Assessment of Biological Spectrum and Phenological Behaviours of Coastal Vegetation in East Midnapore District, Eastern India

Uday Kumar Sen, Ram Kumar Bhakat


The open coastlines of the world are dominated by sand dunes and salt marshes. They are the primary areas for human recreation and provide a wide range of frequently overlooked ecosystem services. Their intrinsic ecological significance lies in having unique biological assemblies and supporting a range of ecological processes, such as water filtration and nutrient cycling. In addition, in the coastal zone, these areas link marine and terrestrial systems. The objective of this paper is to check the psammophytic species diversity, conservation status and threat; and also prepare a biological spectrum m in the Costal East Midnapore (CEM) district's sand dune and salt marsh areas. A part of floristic inventories in the CEM, various field trips in different season were carried out, quadrate method is done to examine the ecological impact and richness. Specimens were collected, prepared voucher specimen and enlisted according APG IV classification system to prepare biological spectrum. CEM vegetation was diverse and composed of 162 species of 132 genera distributed among 52 families of 28 orders according to APG IV classification, of which 37 species were exotics. Fabales (19.14%) and Fabaceae (19.14%) were the dominant order and family. Biological spectrum shows the study area was classified as “thero-chamaephytic” type of phytoclimate. Mesophyll (24.07%) and lanceolate as well as oblong (19.14%) were found to be high in the leaf size spectrum and lamina. The area of study was highly ecotonal potential and fairly undisturbed. This study is useful in comparing and contrasting the adjacent natural vegetation along the gradients of the environment; and recommends effective long-term conservation and better management of the coastal area.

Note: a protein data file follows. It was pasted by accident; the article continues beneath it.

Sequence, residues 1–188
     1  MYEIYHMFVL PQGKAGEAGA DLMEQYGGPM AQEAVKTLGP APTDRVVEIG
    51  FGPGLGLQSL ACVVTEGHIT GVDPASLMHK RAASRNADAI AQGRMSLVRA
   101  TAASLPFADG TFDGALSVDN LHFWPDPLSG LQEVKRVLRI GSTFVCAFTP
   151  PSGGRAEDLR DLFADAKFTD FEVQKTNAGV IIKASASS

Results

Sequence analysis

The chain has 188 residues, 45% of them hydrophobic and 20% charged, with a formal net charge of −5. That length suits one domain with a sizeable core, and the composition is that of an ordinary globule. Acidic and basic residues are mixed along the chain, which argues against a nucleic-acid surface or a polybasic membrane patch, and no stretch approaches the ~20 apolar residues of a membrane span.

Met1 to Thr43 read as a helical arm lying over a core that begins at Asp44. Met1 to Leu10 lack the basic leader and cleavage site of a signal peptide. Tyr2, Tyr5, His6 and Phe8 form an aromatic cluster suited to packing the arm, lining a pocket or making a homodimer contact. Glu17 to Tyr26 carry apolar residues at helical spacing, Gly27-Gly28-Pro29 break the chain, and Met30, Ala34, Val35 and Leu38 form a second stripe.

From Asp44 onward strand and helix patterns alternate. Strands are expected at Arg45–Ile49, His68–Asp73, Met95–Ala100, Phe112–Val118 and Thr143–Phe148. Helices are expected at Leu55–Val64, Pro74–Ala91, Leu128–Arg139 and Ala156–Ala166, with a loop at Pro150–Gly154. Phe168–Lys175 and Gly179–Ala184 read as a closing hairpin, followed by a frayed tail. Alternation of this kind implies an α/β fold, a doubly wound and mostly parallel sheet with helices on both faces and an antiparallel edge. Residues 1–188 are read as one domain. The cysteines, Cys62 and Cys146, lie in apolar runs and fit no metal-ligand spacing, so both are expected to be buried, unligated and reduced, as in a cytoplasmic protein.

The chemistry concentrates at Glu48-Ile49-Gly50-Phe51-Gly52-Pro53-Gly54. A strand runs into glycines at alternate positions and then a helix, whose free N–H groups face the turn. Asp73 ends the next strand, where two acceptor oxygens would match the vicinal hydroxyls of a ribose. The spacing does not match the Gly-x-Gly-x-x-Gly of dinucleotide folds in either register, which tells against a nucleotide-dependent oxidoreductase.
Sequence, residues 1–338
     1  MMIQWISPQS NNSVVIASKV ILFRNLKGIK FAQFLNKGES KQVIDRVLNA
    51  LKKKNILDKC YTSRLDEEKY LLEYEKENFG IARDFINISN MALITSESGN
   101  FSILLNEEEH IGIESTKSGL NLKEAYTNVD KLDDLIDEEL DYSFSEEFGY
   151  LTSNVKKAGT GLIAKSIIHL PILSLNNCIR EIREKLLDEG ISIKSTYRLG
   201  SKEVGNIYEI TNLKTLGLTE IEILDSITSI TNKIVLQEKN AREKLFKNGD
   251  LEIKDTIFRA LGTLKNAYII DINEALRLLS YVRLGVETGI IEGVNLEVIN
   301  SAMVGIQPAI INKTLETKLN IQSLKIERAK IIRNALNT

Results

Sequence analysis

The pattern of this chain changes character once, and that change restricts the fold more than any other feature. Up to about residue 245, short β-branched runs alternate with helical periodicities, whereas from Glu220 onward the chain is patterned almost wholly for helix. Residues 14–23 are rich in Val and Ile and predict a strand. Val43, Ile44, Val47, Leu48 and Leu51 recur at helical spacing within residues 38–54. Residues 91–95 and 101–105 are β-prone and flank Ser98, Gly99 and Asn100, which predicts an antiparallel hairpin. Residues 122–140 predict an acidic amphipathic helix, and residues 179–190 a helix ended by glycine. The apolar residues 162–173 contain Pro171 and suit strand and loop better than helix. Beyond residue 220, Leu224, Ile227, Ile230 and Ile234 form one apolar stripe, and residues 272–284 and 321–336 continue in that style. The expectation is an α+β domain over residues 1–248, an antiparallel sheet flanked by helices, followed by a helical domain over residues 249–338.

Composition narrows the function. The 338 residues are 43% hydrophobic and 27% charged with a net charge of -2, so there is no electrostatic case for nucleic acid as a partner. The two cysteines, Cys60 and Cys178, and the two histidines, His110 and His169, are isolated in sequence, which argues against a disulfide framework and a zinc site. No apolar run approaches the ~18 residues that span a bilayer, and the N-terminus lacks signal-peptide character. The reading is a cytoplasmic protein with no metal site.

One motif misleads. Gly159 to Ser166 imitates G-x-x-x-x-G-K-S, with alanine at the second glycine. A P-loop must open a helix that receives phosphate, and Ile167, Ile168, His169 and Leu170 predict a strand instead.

Biological spectrum; Conservation; Leaf spectra; Life form; Salt marsh; Sand dune

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